Dispute Pits China's Top IM Client Against Security Firm
The Chinese company behind the country's most popular instant messaging client QQ has raised the ante in its feud with a domestic security firm.
On Wednesday, Tencent announced QQ users would need to uninstall software from Chinese security vendor 360 before being allowed to use the instant messaging client. The decision comes weeks after the two companies exchanged harsh accusations following 360's release of security software that claimed QQ was breaching user's privacy.
Tencent's QQ instant messaging client has more than 655 million active users, according to Beijing-based research firm Analysys International. The company controls 76 percent of the instant messaging client market and is one of the largest Internet companies in the country.
360, on the other hand, is a leading security vendor in China. The company claims that it has more than 300 million users of one of its security software clients. But this is not the first time the company has found itself in such controversies.
Baidu, China's largest search engine, filed a lawsuit against 360 in July, alleging that the security vendor was competing unfairly. The lawsuit claimed a version of the security vendor's software tagged both Baidu Toolbar and Baidu Address Bar as malware.
360 has also faced similar lawsuits from Yahoo China and other domestic companies in the past. But 360 has maintained that it is protecting users from security threats.
"360 is a security company. We want to make sure users have a safe environment to go online," said a 360 company spokesman. "On the issue of Tencent's QQ client, we hope they will correct their ways, and stop breaching user's privacy."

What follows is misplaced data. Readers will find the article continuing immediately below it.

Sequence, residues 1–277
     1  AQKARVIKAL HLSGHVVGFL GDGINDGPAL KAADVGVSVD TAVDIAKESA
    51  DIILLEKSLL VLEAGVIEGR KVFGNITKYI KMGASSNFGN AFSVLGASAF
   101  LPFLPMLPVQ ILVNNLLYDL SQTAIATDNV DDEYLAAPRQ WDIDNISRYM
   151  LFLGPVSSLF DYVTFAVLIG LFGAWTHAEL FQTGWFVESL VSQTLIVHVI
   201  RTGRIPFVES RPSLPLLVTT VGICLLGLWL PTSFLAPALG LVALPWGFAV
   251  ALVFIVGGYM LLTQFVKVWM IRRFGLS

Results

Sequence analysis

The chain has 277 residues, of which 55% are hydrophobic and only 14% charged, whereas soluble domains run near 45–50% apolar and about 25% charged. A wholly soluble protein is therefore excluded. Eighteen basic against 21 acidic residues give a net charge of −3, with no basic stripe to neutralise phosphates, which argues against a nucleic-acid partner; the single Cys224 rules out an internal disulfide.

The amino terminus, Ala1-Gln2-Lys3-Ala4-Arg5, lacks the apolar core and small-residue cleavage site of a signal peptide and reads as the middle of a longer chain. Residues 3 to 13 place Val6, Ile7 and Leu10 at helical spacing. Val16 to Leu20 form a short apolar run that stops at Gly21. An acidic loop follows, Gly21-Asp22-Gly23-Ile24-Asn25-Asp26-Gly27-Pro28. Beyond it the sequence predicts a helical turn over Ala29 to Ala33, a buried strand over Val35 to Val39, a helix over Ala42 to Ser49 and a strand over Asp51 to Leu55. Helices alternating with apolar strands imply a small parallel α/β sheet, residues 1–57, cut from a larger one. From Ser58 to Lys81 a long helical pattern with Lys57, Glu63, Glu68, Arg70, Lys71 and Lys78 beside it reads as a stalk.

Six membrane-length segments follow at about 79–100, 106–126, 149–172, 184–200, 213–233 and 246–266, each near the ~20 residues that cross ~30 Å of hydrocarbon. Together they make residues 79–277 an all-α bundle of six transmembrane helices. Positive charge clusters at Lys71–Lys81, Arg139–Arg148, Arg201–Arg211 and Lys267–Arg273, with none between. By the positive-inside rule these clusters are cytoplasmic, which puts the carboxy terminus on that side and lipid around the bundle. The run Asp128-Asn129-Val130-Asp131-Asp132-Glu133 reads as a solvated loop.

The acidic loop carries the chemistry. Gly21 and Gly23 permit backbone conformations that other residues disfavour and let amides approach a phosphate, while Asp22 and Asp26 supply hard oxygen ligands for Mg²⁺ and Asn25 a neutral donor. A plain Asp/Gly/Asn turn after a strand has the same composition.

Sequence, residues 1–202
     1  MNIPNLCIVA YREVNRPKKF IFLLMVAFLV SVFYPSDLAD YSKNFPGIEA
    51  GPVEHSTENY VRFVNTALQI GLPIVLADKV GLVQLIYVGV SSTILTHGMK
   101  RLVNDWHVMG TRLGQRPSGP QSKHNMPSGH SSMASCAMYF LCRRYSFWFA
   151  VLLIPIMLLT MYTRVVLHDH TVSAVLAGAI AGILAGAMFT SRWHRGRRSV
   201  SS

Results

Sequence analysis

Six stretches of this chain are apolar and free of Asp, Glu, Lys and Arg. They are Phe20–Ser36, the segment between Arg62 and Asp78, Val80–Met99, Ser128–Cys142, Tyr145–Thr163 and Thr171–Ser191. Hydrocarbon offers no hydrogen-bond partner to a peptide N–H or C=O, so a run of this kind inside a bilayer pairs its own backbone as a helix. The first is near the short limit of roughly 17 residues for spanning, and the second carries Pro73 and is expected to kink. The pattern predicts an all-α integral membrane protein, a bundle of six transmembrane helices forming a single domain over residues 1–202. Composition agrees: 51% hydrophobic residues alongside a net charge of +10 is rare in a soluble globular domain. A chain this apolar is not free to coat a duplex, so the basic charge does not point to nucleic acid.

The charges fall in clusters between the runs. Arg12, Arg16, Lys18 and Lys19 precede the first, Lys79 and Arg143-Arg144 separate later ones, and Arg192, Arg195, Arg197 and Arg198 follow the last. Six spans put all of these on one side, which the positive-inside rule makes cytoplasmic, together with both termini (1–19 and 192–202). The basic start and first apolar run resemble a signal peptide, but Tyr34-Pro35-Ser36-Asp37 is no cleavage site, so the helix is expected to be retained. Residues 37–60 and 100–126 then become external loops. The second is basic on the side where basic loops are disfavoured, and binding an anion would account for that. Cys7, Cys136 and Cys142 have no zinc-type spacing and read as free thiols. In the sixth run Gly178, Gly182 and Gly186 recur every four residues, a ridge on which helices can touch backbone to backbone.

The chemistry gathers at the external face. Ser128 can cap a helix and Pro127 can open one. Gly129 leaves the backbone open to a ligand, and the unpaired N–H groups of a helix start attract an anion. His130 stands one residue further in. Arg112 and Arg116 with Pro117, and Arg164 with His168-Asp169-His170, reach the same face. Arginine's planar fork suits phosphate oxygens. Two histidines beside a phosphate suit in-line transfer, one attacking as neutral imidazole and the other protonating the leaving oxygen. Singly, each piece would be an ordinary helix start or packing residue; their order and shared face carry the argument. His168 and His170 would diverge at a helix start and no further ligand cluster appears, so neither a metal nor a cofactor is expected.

But the feud between the two companies has less to do with privacy issues, and more to do with unfair competition, said Zhao Wei, CEO of Chinese security company Knownsec. Both companies have gone too far, with Tencent attempting to monopolize the instant messaging market with its recent action, he added.
"You can't just do anything you want," Zhao said. "The market is a mess, but this current dispute is leading to a good outcome. Now people are starting to pay attention to these problems."
Tencent and 360 focus on different markets. But more and more Internet companies are finding themselves encroaching on other territories, said Mark Natkin, managing director of Beijing-based Marbridge Consulting. Natkin noted that Tencent, which also operates in online games, search, and e-commerce, has been rumored to be developing its own anti-virus software.
"The legal penalties have not grown large enough to be a sufficient deterrent," Natkin said of Chinese companies engaging in unfair competition.
Analysts expect Chinese authorities will want to get involved. But at this time, China's Ministry of Industry and Information Technology has no comment on the matter, said a ministry spokesman.
Tencent could not be reached for immediate comment. But in a message to QQ users, the company said it made a "very difficult decision" in regard to the matter, and that the instant messaging client does not monitor or breach user's privacy.
Users like Sun Yunhong, a college freshman at Liaoning University, however are not happy with Tencent's decision.
"As an Internet user I have my rights on what software I wish to use. Tencent doesn't have this authority," he said. "I don't have a good opinion about these two companies."
Both Tencent's QQ client and 360's security products are popular among Chinese users, Sun said. For the past five years, he has used QQ. At the same time, Sun noted 360 security software products are free.
"If I had to choose, I would give up 360, because I can pick from many different security vendors," he said. "In China, there's only one popular instant messaging client and that's QQ."